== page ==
I believe that a lot of users consider google wi-fi as a back-up or mobile alternative to their home dsl, either due to reliability issues or security concerns.

The reason I'm outlining this is twofold-- first, if you have reasonable expectations from a broad wi-fi network, it is a benefit. It is not, in my opinion, a game-changer. Second, comparing an fttp-type network with free or low-cost wi-fi is very much an apples/oranges discussion.


Posted by George
a resident of Old Palo Alto
on May 19, 2009 at 3:55 pm

It's a nice Pony, and a pretty pony perhaps.

That said, there isn't a city out there that's been able to charge for it. People are willing to put up with AT&T's spotty network using iPhones or 3G data cards and if there is free WiFi at a restaurant they use that for FREE. It's hard to argue that the citizens of Palo Alto should be paying for the free riding users of this service when the increase tax revenues would be minimal. Spending $1 mm up front and $150K a year for something that's of questionable value isn't going to fly in this budgetary environment.


Posted by pat
a resident of Midtown
on May 20, 2009 at 2:53 pm

Thank you, Chris. Well said!

Everyone in Palo Alto wants a free pony of one kind or another. The irony is that Palo Alto is a city in which most residents could afford to buy their own pony without expecting the government, aka taxpayers, to pay for the pony and it’s upkeep.


Posted by bruce
a resident of Crescent Park
on May 25, 2009 at 3:49 am

It makes a lot of sense for the city to offer internet service. If someone wants internet service they have to get a phone or cable at a cost of several hundred dollars per year.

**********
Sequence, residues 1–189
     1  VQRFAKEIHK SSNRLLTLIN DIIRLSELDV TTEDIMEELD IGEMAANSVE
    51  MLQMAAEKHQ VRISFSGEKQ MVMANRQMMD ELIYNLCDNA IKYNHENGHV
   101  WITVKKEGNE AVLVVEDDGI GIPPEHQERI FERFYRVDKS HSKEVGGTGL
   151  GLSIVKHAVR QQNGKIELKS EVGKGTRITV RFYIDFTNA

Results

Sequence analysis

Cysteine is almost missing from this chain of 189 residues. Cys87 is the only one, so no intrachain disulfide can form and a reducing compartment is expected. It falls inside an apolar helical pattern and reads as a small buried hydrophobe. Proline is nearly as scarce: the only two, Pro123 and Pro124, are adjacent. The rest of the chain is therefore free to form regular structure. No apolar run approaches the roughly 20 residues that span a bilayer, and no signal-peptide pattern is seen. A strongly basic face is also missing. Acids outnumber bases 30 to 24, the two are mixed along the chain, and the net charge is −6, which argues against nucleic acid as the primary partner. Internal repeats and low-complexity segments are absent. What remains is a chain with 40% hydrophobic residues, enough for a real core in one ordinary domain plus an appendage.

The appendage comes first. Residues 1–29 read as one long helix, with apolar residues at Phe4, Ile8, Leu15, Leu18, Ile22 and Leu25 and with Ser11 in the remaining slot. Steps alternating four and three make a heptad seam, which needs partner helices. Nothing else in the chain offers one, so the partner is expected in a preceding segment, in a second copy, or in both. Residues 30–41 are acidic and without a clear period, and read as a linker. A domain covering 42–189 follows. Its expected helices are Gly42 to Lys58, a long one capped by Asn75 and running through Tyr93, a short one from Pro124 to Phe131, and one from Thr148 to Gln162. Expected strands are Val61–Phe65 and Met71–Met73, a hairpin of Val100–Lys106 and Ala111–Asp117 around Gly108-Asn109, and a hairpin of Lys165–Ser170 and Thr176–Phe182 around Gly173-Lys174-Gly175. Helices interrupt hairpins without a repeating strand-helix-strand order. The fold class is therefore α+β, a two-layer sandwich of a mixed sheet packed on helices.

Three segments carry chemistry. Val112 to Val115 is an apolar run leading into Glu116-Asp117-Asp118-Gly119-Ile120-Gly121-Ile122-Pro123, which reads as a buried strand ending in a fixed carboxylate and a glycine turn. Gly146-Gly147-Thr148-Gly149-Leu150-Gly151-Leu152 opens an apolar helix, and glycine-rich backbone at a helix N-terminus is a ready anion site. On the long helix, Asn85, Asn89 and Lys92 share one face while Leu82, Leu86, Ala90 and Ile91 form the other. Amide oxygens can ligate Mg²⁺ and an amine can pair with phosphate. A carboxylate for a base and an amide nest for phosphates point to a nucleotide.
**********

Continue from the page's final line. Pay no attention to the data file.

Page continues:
Assuming the city can do this competently, why not charge a fee on the utility bill to cover the cost? It's called win-win.

This is not like saying "I want a pony" or whatever the current right-wing nasty line is of the day.


Posted by Greg
a resident of Downtown North
on May 25, 2009 at 8:54 am

The problems with having the city build it then billing the citizens are:
1. only a minority of people will use it, so charging everyone is not fair
2. if you charge just the people that use it (via some sort of login system), then it probably won't be any cheaper than what the phone or cable company charge

The best way to get this to work is with corporate sponsors and advertising. This is probably what Google is experimenting with in Mountain View. Maybe someone can convince Facebook or HP to try something similar in Palo Alto.


Posted by Sharon
a resident of Midtown
on May 25, 2009 at 9:25 am

Google CEO Eric Schmidt told graduates at Penn and Carnegie Mellon this week that they should turn off computers,
turn off their cellphones and look at the people around who are near and dear to you.
Now, he also told them that nothing beats holding the hand of your grandchild as he takes his first step, which is hard to do if you're 22 years old.
But, be that as it may, his point about cellphones and PCs, I think, was well taken.
The Web has been wonderful in many ways, but I think we have to think a little bit about what it's been doing to us.
And if even the CEO of Google says it's turning us into zombies, we ought to think about that.


Posted by Dubious
a resident of another community
on Oct 10, 2009 at 8:30 pm

Am I missing something here? Is Mr. Garcia representing himself or Google or both? Who would manage this network ... Mr. Garcia or some entity in which he is a principal? Who is going to provide the Internet backbone for this operation ... is he commiting Google to that as it does in Mountainview? Perhaps we ought to give him the benefit of the doubt and ask him to tell all of us with a post to this string?